(part of a series on Specific Learning Disability types)
Today we'll explore the basics of Dyscalculia, also known in some contexts as Math Learning Disability. I'll cover some basic descriptions of the condition, its roots and treatment, and give an example of a (fictional but based in reality) child with Dyscalculia and how he was treated.
Definitions and Root Causes
The Diagnostic Statistical Manual Fifth edition, which is used by psychologists and other mental health professionals worldwide, defines these as the core criteria for Dyscalculia
“Difficulties with number sense” or “mathematical reasoning “
Being “substantially and quantifiably” below expectations based on age.
These difficulties may go undetected until the students abilities are overtaxed by new academic demands.
The difficulties aren’t better explained by other variables (eg, vision acuity, lack of language proficiency, inadequate teaching etc)
The underlying core of this disorder seems to be working memory deficits, which results in impaired numerosity (number sense). Number sense is the intuitive grasp of the number line, and how it relates to things like place value, operations, fractions and so on. Generally, students move from a concrete understanding of the number line as represented in tallies, counting fingers and so on, to an abstract understanding of the number line which they can summon mentally. Students with MLD however generally lag behind on this transition, over relying on concrete representations of number.
The second subtype as described by the DSM has to do with applying math to situations correctly, as in word problems or real world contexts. These two subtypes are related but also seem to be distinct (as its quite common for a student to struggle with one but not the other), and caused by different cognitive issues - “mathematical reasoning” difficulties seem to be caused by underlying language difficulties.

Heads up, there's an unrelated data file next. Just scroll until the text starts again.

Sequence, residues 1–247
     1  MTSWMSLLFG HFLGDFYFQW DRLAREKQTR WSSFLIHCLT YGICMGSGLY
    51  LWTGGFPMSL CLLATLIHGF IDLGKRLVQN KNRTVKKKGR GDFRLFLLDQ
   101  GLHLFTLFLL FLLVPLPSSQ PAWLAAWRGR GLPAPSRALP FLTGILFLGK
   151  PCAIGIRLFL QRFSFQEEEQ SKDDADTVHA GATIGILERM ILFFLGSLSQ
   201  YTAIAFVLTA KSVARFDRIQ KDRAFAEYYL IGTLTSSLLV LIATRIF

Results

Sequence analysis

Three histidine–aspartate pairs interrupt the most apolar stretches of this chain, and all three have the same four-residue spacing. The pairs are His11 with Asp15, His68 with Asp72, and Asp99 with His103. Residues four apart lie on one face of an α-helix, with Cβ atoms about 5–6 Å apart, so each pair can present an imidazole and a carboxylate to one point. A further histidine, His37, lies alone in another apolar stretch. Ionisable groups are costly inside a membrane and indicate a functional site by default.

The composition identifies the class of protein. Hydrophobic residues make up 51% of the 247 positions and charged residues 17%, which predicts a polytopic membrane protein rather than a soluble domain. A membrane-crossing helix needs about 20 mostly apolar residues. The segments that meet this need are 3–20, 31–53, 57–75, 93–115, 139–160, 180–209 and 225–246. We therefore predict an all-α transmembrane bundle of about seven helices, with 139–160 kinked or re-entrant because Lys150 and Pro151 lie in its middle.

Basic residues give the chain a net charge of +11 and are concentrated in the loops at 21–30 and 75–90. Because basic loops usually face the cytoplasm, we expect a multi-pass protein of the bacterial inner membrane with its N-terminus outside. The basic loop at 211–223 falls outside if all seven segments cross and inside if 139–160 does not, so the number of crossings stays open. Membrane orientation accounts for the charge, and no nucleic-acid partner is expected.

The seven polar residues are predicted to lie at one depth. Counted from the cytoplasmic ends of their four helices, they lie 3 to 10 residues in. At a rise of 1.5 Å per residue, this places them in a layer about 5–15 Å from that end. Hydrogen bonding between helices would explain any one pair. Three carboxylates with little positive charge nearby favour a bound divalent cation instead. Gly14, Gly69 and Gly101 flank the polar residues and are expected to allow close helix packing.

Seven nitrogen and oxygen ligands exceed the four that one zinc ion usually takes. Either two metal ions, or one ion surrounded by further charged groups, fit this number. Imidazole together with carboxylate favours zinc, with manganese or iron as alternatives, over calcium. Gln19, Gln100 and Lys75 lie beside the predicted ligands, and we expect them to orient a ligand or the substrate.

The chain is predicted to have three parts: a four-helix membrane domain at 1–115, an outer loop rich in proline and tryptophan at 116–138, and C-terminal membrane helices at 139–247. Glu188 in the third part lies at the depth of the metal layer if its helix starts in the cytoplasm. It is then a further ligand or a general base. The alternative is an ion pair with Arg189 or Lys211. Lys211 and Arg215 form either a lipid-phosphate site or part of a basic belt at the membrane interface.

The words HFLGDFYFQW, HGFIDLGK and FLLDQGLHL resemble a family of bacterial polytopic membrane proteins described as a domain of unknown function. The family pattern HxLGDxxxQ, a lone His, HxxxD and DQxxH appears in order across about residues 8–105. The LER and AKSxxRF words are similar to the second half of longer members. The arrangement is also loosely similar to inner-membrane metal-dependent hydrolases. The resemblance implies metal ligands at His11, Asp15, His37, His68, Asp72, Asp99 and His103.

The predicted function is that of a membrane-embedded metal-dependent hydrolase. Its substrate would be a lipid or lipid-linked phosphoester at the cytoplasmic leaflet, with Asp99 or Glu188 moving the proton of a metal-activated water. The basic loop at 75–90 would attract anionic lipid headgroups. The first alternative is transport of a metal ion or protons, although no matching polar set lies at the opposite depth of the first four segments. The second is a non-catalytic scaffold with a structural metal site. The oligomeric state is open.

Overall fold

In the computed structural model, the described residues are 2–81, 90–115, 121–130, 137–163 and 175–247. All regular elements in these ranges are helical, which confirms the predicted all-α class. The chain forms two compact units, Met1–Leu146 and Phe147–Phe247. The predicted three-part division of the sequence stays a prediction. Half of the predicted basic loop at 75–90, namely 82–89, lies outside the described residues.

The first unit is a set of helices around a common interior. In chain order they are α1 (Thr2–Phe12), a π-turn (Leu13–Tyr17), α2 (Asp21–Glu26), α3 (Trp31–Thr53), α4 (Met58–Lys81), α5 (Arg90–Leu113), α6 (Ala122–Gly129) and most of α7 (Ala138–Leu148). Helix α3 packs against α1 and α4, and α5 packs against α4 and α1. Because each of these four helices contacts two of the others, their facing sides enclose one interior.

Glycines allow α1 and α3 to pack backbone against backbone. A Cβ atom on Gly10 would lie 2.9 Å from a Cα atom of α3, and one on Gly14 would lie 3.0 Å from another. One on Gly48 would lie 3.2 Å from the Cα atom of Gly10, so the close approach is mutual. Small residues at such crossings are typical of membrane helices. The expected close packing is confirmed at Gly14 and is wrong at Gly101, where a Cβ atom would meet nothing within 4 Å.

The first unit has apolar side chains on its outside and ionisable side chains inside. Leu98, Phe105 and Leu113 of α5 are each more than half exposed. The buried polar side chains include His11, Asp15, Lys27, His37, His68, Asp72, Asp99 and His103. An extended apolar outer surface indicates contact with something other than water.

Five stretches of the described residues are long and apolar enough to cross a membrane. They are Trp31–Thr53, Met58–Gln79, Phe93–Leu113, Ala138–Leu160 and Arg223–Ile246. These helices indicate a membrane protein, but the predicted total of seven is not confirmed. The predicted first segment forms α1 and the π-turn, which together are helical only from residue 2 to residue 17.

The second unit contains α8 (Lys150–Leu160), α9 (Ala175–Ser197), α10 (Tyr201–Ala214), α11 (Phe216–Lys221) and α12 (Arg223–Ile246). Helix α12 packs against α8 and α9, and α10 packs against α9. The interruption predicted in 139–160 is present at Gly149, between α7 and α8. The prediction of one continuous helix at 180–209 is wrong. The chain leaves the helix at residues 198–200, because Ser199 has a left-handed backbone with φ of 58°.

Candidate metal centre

What it looks like
Persistent low scoring on standardized math assessments and in-class assignments are how MLD is usually evaluated. Tests such as CogAT (cognitive ability test) can help identifying any underlying dysfunction, which helps direct interventions.
Working with Nguyet
Nguyet is 12, and has always struggled in math but was able to get by, but the introduction of prealgebra in junior high is rapidly falling behind. She tends to still surreptitiously count on her fingers when attempting mental math. She also has considerable anxiety around the subject, and frequently forgets math facts under pressure.
My instructional recommendations is using a tutoring program that gradually phases out physical manipulatives in its development of number sense. She needs extra assistance to make it from the concrete stage to the abstract, and that’s going to require a careful transition. The Making Math Real program is centered around how to slowly phase out the physical representations of the number, and although it’s a bit too rigid in places I think it might be a good fit here.
It’s also important that she develop some anxiety management strategies for dealing with the built up stress associated with the subject. There’s several good resources available along these lines, including the excellent “Anxiety Workbook for Teens” from Instant Help Books.
The main recommendation I’d make in terms of accommodation is for her to have access to a calculator on all or most math and science tests. In Junior High and High school, math tends to be focused much more on the higher order problem solving skills than on arithmetic (which is the primary difficulty in Nguyet's case).